The Current Sweeping Outbreak
Several news outlets are reporting that there has been a recent E. coli breakout across North America infecting romaine lettuce. The Center for Disease Control (CDC) said that all romaine anywhere should be avoided, and consumers should throw out any romaine they might have already bought.
The dvisory, issued by the CDC on Tuesday caught many by surprise. The CDC said it was acting out of
‘an abundance of caution after 32 people in 11 states fell sick with a virulent form of E. coli’
According to the New York Times, this strain of ecoli especially dangerous as the toxins it gives off can damage the kidneys. In the current outbreak, half of those infected have been hospitalized, a rate that is much higher than in other E. coli outbreaks, said Matthew Wise, the CDC’s deputy branch chief for outbreak response.
Unfortunately, This Is Still Common
Thanks to the food logistics system still being a mess, incidents like this that are from October 8th, which as of today’s announcement is roughly 6 weeks later are difficult to stop quickly.
In 2011, the CDC reported that 48 million illnesses, 128,000 hospitalizations and 3,000 deaths occur every year in the U.S. as a direct result of foodborne organisms.
Contamination risks exist at every point in the supply chain from production to transportation, to processing, to storage, manufacturing, and distribution. Because of the staggering complexity of our modern food supply, it is virtually impossible to police each and every risk point.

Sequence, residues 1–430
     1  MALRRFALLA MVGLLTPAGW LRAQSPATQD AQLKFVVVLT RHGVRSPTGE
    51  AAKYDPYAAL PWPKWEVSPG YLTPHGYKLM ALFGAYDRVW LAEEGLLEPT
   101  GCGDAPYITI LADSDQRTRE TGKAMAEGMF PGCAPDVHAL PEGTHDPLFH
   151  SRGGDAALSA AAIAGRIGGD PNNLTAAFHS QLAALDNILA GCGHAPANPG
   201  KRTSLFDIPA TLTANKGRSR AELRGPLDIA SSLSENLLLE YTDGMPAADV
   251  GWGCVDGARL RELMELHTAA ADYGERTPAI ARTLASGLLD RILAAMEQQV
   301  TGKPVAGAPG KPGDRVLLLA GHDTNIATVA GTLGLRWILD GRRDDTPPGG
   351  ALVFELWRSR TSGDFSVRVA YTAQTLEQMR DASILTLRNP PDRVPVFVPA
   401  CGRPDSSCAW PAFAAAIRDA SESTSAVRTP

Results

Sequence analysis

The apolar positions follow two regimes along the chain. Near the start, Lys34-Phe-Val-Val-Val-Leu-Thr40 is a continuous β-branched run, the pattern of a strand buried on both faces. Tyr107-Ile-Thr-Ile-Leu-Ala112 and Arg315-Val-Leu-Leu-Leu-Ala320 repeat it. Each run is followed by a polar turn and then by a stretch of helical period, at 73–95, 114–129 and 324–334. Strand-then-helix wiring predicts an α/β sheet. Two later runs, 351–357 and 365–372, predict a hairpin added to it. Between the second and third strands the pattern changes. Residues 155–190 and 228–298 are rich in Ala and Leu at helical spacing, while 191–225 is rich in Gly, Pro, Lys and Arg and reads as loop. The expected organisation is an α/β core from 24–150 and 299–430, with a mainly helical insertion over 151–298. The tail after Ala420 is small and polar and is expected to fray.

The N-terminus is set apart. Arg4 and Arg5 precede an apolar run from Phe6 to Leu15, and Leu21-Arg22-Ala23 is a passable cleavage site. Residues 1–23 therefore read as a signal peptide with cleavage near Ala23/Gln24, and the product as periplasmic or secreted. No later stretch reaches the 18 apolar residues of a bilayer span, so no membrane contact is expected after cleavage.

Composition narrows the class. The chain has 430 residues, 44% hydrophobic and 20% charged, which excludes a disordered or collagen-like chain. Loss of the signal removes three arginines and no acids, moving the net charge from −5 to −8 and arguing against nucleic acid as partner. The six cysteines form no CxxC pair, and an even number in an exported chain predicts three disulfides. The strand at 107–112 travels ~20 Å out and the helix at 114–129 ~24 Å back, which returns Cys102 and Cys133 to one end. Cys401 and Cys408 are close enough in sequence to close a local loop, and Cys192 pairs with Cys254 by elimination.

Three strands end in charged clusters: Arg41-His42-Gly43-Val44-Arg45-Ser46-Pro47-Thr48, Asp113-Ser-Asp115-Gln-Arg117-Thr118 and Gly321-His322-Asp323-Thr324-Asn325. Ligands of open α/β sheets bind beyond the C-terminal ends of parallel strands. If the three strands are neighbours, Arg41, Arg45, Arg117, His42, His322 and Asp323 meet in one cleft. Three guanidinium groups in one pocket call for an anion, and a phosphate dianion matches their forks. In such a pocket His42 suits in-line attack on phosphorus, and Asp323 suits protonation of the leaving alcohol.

The FDA considers food to be chemically contaminated when it contains chemicals that may make it harmful to the health of the consumer. There are many chemicals that could potentially cause contamination of the food supply chain.
The FDA conducts monitoring programs for seven chemicals and chemical classes commonly found in food supplies: Acrylamide, Dioxins and PCBs, Ethyl Carbamate, Furan, Melamine, Perchlorate and Radionuclides. Many of these contaminations result from accidental food contact.
The answer to this logistical nightmare is a system that could identify this outbreak swiftly and trace it back its original source. Not only is this type of E.coli outbreak terrible for the people infected, it adds stress to millions of peoples lives as something like romaine lettuce is something consumed quite frequently.
Trackloop’s software would be able to detect where on the supply chain the outbreak occurred, and widespread panic across the continent could be spared as well as lives saved and hospital visits greatly diminished.
The company Trackloop (TOOL) has this system in place, it has also landed huge clients like Walmart, Save-On-Foods, The Canadian Blood Services, SPUD.CA and BC Ferries to name a few as companies are becoming more aware of these logistical messes.
Disclaimer: Trackloop is a paid client of High Energy Trading, click here to read full disclosure.
High Energy Trading is not a licensed broker-dealer, market maker, investment advisor, or underwriter. All information that we provide is for informational purposes only and should not be construed as an offer or solicitation of an offer to buy or sell securities.